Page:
The Story of the Harmala Plant (Syrian Rue)
 
According to legend, Hamda was a virtuous girl who lived with her brother and his wife long ago when all creatures had the power of speech. Hamda herded the family's small flock of sheep, and such was her virtue that she gave away most of her food to orphans. Then she assuaged her pangs of hunger by tying rolls of woven wool to her stomach, which caused her figure to bulge.

    The wicked sister in law pointed out to her husband Hamda's protruding belly, telling him that his sister had become pregnant by some shepherd boy, thus bringing shame upon the family, which could be washed away by shedding Hamda's blood. The brother refused to believe this story, but his wife insisted, adding that Hamda had been acting strangely, moving restlessly from the sun to the shade and back, which, the wife claimed, was a sure sign of pregnancy. Finally, the brother agreed to put the matter to the test.

    That afternoon, he lay in the sun and asked Hamda to pick the fleas from his hair. But the wicked sister in law had secretly put a poison in Hamda's food, which made her restless. After some moments Hamda asked her brother to move to the shade; then, a few moments later she asked to move back into the sun. The brother then believed his wife's lie. That night they plotted together to kill the unfortunate Hamda.

    The following morning he took Hamda on his camel to a dried well. There he secretly spread a blanket on the mouth of the well to hide it, and he invited his unsuspecting sister to sit on the blanket and continue to de-flea him. She did, and fell into the well, whereupon the brother threw dried brush and wood on top of her and set it on fire so Hamda would burn to death. He then rode home to break the news to his wife.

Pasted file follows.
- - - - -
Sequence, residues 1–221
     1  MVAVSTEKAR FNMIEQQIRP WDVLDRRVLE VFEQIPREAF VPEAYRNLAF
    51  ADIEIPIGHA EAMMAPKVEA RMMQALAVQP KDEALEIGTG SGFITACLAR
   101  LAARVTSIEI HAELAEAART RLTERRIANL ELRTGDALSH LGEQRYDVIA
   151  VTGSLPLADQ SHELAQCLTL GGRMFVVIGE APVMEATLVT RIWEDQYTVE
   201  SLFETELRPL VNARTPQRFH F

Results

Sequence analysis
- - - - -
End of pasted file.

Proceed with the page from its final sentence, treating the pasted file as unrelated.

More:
But Hamda was saved from the fire by her virtue. From the poison in her belly erupted snakes that pushed the flames away. The flames themselves were magically transformed into a paradise. But poor Hamda missed her brother, so she made a necklace of beads for him and she asked a crow that flew overhead to take the gift to her sibling.

    When the brother saw the necklace, he knew that Hamda was alive, and that he had treated her unjustly. Without telling his wife of his purpose, he asked her to pack some dates and dried food, so that she would not poison it, and he went back to the well. But the wife was suspicious and poisoned the dates by rolling them in camel dung and then in ashes to conceal the revealing smell.

    When the brother reached the well Hamda told him her tale, but she refused to come out of her pit for fear that he might try to finish the task which he had started; he assured her of his good will and she let herself be rescued. The brother then offered her the dates to eat, but when they saw the ashes they realised that the food had been poisoned, and the brother realised his wife's wickedness.

    When the wife saw her husband riding back with Hamda behind him, she realised that her evil deeds had failed. She cried out a spell to save herself, but her magic failed again, and instead, the earth opened and swallowed her up to her neck. Her husband grabbed her by the hair and cut off her head with his sword, crying out for her to become a bush so repulsive that even donkeys could not eat more than one mouthful of it. So the wicked wife was transformed into the bush of the ''Harmala plant'' with its dark bitter seeds.

    *Written by Rami Sajdi, Copyright © Rami Sajdi 1997 All Rights Reserved

BackShamnicPlants.htmlshapeimage_3_link_0